UW-Green Bay announces events for Black History Month, beginning Feb. 1

The University of Wisconsin-Green Bay will host a variety of events to celebrate Black History Month, beginning with a Feb. 1 kickoff that explores the meaning of the annual recognition.

J. Vincent Lowery, assistant professor of Humanistic Studies (history) at UW-Green Bay, will deliver an address titled “What Should Black History Month Mean to Us?” from 3-4 p.m. Wednesday, Feb. 1 in Phoenix Room B of the University Union on campus, 2420 Nicolet Drive. Lowery’s talk will set the stage for more than a dozen events and activities being held for or in conjunction with Black History Month at UW-Green Bay:

International Education Department Presents: Historically Black Universities through the National Student Exchange Program: 12:30-1:30 p.m. Thursday, Feb. 2, American Intercultural Center, University Union. This program enables UW-Green Bay students to span state, regional, provincial and cultural borders through study at partner institutions.

Men’s basketball versus UW-Milwaukee: 7 p.m. Friday, Feb. 4, Resch Center

Documentary: The Murder of Emmett Till: 5-7 p.m. Tuesday, Feb. 7, Christie Theatre, University Union. Facilitated by James Coates, associate professor of education. Documentary explores the brutal 1955 murder of Chicago-born African-American teenager Emmett Till, who was killed by two white men because he whistled at a white woman in Money, Miss. The caserepulsed the nation, while inspiring the emerging Civil Rights movement.

Game night: 6-10 p.m. Thursday, Feb. 9, American Intercultural Center, University Union

Lecture: “Crossing Bok Chitto: A Story of Love and Freedom Across Cultures:” 3-4 p.m. Tuesday, Feb. 14, Alumni Room, University Union. Lisa Poupart, associate professor of Humanistic Studies and chair of First Nations Studies, speaks about a time when Native Americans and African Americans worked together to achieve freedom and independence.

Documentary: “Freedom Riders:” 5 p.m. Wednesday, Feb. 15, Phoenix Rooms, University Union. Screening will be accompanied by discussion with guest speaker and original Freedom Rider Hank Thomas.

Panel Discussion: African Americans and Sports 5-7 p.m. Thursday, Feb. 16, Christie Theatre, University Union. Current and former athletes, sports administrators and managers, along with writers, historians and members of the public will discuss views on playing, leaving and watching sports.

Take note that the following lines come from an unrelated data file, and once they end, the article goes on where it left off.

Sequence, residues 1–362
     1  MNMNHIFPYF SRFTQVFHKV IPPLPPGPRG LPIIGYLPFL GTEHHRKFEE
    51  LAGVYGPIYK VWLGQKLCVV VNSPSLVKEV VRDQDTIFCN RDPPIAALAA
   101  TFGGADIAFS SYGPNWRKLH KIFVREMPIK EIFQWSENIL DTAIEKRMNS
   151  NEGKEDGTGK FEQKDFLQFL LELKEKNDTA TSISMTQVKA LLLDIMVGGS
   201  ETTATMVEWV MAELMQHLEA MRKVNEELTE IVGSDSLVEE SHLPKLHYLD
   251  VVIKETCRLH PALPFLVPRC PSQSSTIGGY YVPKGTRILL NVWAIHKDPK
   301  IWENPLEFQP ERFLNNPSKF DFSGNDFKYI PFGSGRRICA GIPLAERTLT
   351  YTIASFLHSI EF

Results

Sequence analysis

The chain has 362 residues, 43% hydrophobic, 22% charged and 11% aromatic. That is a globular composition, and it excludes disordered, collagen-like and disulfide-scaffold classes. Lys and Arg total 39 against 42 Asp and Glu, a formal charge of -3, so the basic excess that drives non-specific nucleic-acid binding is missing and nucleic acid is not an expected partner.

Soul Food Dinner: 4-7 p.m. Friday, Feb. 17, Mauthe Center. Catered by Art and Soul Café and featuring guest speaker and UW-Green Bay men’s basketball Coach Brian Wardle, this event will feature traditional soul food selections. Tickets are $5 for UW-Green Bay students and $10 for faculty, staff and community members.

Documentary: “Scarred Justice: The Orangeburg Massacre, 1968:” 5 p.m. Tuesday, Feb. 21, Christie Theatre, University Union. African-American young men and women challenged persistent forms of discrimination in the South. In Orangeburg, S. C., their challenges resulted in the murder of three African-American students by police during protests on the campus of South Carolina State College. Discussion facilitated by Jeffrey Willems, area coordinator for Residence Life; and Anton Lewis, instructor in Business Administration.

Harlem Renaissance Day: 10 a.m.-2 p.m. Thursday, Feb. 23, Common Grounds Coffeehouse, University Union. Faculty, staff and students are invited to join in a day of readings of works from the Harlem Renaissance. Enjoy a musical performance at 7:30 p.m.

Documentary: “Paris is Burning:” 7-9 p.m. Monday, Feb. 27, Christie Theatre, University Union. Jennie Livingston’s “Paris is Burning” chronicles the lives of gay African-American and Latino men who cross dress as women in New York City in the early 1980s. Livingston provides a rare look into the history of Madonna’s ‘voguing,’ the American AIDS epidemic of the ‘80s and what gay youth of color did to stay together and alive in the communities that shunned them. Discussion facilitated by Christine Smith, assistant professor of Human Development; and student Miranda Seitz.

Phi Alpha Theta book discussion: 3:30 p.m. Tuesday, Feb. 28, American Intercultural Center, University Union. Discussion of “At the Dark End of the Street: Black Women, Rape and Resistance,” by Danielle McGuire.

Closing panel discussion: Wednesday, Feb. 29. Time and place to be announced.


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